Syrian refugee Sham, 10, sits in the family’s apartment in Misrata, Libya. “My dream is become a doctor or a teacher,” says Sham, “My only nightmare is the sea, because my brother died in the sea.”
By Francesca Mannocchi
MISRATA, Libya/ HONG KONG, 13 March 2017 – Sham is a Syrian girl, 10 years old, with large, dark eyes and a shy smile.
She lives on the outskirts of Misrata, Libya, with her mother, father and younger brother Balal, who is 5 years old.
Sham struggles to talk. Most of her words were lost deep in the Libyan sea, along with her brother, Talal. He tragically drowned when their boat sank 15 miles off the coast of Sabratha as they were trying to cross the Mediterranean.
“Wherever we went, death followed us,” says Sham’s father, Mahmoud.
In search of a safe place
In 2014, their family escaped from the conflict in Damascus. “We wandered around Syria, looking for a safe place, but there was not a safe place anywhere,” he says. “So I decided it was time to try to get to Europe.”
In Damascus, Mahmoud was working as a carpenter. He made little money, but his family always lived with dignity.
“When you’re poor you cannot even choose how to escape, you can only escape by spending as little as possible,” he says. “And we were five people.”
His wife’s brothers lived for a while in Benghazi, in eastern Libya. They had the names of people who could help Mahmoud and his family get a place on a boat to cross the Mediterranean Sea.
“They [the smugglers] promised they could organize a boat, give us the life jackets and get us safely in Europe,” he says.
Mahmoud wanted to be able to tell his three children: You can study, I promise you that I will help you realize your dreams.
But he never got the chance.
Mahmoud now works as a carpenter on a construction site in Misrata. He makes about 700 dinars per month. At the official exchange rate this would equal about HK$3,900 (US$500), but today the value of the dinar is a fraction of what it once was. 700 dinars on the black market is worth about HK$780 (US$100).
Every morning he leaves his house when it is still dark outside and walks several kilometres to his work site. His car, which he managed to buy only after a few months of working, has since broken down and he has no money to fix it.
“Sometimes I think it would be better for me to die than to live like this,” he says while sitting on a stool in front of the entrance of the family’s home. The house has no heating to keep the family warm in Libya’s unusually cold temperatures this winter; it has just a single room, a bathroom and some cookware on the ground.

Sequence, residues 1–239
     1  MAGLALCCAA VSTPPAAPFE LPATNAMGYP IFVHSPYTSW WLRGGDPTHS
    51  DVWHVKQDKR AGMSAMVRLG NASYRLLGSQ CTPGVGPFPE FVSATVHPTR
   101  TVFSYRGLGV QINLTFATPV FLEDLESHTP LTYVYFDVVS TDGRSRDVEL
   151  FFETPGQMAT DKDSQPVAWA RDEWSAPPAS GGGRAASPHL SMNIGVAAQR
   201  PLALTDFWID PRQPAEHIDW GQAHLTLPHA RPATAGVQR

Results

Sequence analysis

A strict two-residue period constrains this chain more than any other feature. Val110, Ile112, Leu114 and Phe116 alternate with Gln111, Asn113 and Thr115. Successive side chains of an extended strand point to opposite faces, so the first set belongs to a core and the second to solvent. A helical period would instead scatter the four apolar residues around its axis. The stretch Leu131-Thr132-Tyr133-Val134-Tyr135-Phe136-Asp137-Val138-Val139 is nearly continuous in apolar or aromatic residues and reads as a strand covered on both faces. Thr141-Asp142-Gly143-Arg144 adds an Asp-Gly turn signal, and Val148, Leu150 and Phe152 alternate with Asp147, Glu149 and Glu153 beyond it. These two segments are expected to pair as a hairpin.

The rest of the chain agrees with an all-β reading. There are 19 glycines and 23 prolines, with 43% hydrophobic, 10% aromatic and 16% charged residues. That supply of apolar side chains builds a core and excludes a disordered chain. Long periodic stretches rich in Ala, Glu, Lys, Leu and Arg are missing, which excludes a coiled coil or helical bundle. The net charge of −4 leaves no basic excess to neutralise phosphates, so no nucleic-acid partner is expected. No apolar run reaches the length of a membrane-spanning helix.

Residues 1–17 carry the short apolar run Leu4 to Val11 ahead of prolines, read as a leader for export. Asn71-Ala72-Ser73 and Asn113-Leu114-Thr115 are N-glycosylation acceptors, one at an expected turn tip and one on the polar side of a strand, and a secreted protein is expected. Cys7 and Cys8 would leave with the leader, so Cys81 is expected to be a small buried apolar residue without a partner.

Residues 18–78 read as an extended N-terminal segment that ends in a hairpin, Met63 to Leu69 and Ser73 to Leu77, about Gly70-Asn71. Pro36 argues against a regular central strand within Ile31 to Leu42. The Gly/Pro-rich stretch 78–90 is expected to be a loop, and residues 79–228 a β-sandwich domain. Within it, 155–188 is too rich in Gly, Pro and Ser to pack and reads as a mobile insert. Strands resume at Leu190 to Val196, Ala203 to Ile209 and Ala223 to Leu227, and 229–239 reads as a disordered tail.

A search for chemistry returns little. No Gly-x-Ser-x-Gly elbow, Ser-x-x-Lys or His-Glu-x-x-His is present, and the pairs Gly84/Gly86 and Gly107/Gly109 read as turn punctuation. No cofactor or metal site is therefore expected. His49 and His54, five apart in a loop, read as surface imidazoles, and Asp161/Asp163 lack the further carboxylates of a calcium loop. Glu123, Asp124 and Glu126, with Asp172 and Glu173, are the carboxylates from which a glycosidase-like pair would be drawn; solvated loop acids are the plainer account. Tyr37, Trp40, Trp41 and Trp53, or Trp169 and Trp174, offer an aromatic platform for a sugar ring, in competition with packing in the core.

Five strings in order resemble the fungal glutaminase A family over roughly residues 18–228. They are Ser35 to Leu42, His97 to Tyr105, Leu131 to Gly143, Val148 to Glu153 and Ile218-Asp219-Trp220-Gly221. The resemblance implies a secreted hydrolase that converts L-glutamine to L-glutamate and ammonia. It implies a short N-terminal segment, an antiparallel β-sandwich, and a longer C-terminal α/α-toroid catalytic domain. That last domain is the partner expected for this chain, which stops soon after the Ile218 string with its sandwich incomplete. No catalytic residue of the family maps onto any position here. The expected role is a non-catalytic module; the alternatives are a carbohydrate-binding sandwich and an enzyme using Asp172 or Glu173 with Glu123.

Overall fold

Journey across the sea
Fouzieh is Mahmoud’s wife. She is 39 years old, but she moves with slow and awkward movements, as if her body aches with grief. Her face wears the look of someone much older, someone who has seen too much.
The pain that their family has endured for two years has now become a taboo. It is nearly impossible to talk about it, let alone overcome.
“When we arrived in Libya I hoped with all my might that it was the last leg of our journey before arriving in Italy,” Fouzieh recalls.
But they were forced to wait. Their traffickers held them captive for 15 days in a concrete house near the sea.
“They told us that we had to wait for good weather, but the weather was good and our room continued to fill up with people,” she says.
“As the days passed, it became clear to us that they were not waiting for good weather but rather to gather as many people as possible, so that they could earn more money.”
During the time they were held captive, the smugglers brought them little food and little water – only a bit of cheese and bread, often rotten, handed to them through the iron bars of the few windows in the building.
Fouzieh remembers the unbreathable air, the fights over food with other migrants. “I did not have any food so that my three children could eat. They constantly asked me: ‘Why are we here?’”
Then one night the smugglers came to pick them up in groups of 20, maybe 30 people, she says.
“They brought us to the shoreline and took us onto the small rubber boats, to reach the main wooden ship ready offshore to take us into the sea.”